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Food as a Form of Protest

I've noticed several stories lately that mention potatoes being used in a surprising way. Icelanders, or possibly Santa, have dumped potatoes on the steps of the parliament building in Reykjavik to protest the country's economic collapse. Nathan Heller of Slate inquired about the symbolism:"Iceland...

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Politicians don't look nearly this happy when protesters hit them


I've noticed several stories lately that mention potatoes being used in a surprising way. Icelanders, or possibly Santa, have dumped potatoes on the steps of the parliament building in Reykjavik to protest the country's economic collapse. Nathan Heller of Slate inquired about the symbolism:

"Iceland has become a 'potato country,' " a woman says by way of explanation, so poor its people can subsist solely on tubers. 'And also the leaders are, like, stupid, like a potato.' "

And as for why one of the potato-plopping protesters wore a Santa suit, well, that's because potatoes are the Icelandic version of lumps of coal.

In this week's New Yorker, Ian Parker reports that potatoes aren't the only food that Icelanders have cast in roles far from the kitchen. Bananas, eggs, milk, cheese, and skyr (Icelandic yogurt) have also entered the fray. (Good grief, don't they need to save anything to eat?)

It goes on all over the world: Demonstrators have used eggs as ammunition in Hungary, Thailand, Taiwan, and many other places. They've lobbed citrus in Cyprus and Chile, and flung eggs and tomatoes at the Olympic flame in South Korea. And in a bizarre incident in my own home state of Vermont, Santa threw a pie in the governor's face at a Fourth of July parade. (I think it's safe to say that wasn't the real Santa, kids.)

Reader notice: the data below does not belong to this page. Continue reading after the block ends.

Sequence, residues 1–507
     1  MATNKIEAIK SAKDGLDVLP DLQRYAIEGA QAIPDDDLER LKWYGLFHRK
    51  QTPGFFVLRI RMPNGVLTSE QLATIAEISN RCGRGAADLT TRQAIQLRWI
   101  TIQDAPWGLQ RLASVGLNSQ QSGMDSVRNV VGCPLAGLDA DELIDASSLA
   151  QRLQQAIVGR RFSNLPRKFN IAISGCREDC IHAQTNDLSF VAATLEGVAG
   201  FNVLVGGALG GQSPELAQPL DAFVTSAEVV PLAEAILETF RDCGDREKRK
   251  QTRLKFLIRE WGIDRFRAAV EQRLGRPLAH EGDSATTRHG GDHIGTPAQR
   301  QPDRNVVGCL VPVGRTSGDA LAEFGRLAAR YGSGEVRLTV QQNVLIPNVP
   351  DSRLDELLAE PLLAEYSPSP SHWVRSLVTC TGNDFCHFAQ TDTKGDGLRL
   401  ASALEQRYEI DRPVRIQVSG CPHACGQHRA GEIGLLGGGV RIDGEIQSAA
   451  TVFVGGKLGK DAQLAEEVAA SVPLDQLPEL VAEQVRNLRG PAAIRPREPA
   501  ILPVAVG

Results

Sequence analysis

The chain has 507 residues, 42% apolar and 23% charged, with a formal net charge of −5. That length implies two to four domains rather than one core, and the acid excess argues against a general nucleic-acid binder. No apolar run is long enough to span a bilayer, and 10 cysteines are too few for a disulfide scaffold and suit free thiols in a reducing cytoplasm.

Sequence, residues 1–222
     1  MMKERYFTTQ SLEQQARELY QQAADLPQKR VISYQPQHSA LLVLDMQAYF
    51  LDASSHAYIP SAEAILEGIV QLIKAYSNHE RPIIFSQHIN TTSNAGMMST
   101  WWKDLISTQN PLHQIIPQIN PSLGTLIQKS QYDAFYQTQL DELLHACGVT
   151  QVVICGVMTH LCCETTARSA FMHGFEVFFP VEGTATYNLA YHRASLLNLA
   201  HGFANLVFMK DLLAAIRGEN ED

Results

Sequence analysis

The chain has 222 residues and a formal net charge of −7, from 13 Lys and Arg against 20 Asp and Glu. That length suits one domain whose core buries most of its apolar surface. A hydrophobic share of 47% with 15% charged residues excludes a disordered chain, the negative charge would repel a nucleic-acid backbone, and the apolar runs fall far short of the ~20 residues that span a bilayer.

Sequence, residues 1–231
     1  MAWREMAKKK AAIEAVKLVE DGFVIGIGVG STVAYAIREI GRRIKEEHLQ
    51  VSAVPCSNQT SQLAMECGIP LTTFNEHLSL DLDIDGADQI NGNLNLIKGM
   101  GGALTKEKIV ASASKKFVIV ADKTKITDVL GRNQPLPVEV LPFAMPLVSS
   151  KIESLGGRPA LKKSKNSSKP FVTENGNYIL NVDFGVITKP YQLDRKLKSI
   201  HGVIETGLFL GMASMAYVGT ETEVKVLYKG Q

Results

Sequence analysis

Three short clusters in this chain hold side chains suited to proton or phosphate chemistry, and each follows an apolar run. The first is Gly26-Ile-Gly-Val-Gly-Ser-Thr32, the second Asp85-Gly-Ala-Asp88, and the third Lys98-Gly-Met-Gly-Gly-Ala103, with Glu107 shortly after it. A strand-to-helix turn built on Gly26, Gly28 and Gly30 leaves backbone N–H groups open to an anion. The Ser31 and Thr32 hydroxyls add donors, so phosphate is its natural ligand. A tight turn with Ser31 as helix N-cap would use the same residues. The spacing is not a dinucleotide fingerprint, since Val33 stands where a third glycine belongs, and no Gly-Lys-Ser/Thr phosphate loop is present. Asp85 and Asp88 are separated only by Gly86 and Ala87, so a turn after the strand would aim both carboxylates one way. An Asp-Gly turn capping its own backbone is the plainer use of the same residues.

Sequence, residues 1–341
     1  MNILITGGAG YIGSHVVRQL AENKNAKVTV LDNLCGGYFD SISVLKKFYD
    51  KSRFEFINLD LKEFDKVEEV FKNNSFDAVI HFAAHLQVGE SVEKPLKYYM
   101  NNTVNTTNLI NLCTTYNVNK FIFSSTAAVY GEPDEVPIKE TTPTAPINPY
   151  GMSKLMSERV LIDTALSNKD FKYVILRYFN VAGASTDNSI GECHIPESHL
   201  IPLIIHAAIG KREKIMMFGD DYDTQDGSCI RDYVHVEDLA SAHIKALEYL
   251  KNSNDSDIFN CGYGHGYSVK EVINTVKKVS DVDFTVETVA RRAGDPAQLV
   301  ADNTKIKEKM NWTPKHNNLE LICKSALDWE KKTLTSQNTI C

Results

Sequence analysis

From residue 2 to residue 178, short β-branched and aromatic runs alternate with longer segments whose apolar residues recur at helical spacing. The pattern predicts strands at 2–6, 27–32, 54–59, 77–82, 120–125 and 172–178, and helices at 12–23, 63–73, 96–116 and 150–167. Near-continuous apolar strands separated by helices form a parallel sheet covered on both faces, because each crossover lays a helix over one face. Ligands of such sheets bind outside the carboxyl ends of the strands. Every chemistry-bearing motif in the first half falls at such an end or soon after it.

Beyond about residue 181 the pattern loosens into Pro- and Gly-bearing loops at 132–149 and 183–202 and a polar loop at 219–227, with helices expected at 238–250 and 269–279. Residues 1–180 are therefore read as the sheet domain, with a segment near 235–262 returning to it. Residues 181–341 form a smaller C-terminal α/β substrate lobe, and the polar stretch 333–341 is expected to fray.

The British are particularly fond of food fights: During Tony Blair's tenure as prime minister, he was a target for everything from tomatoes (reason? He "looked smug") to purple flour (okay, that one barely counts as food, if you note the container used). Just last week, the British business secretary Lord Mandelson got a hearty taste of green custard, courtesy of an environmentally-minded protester. (The Guardian offers video clips of that and other notorious incidents.)

So what is it with people throwing food to express contempt? I'm curious about the history of this tradition. Anyone know more than me, or care to share another noteworthy example?
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About Amanda Bensen

Amanda Bensen is a former assistant editor at Smithsonian and is now a senior editor at the Nature Conservancy.

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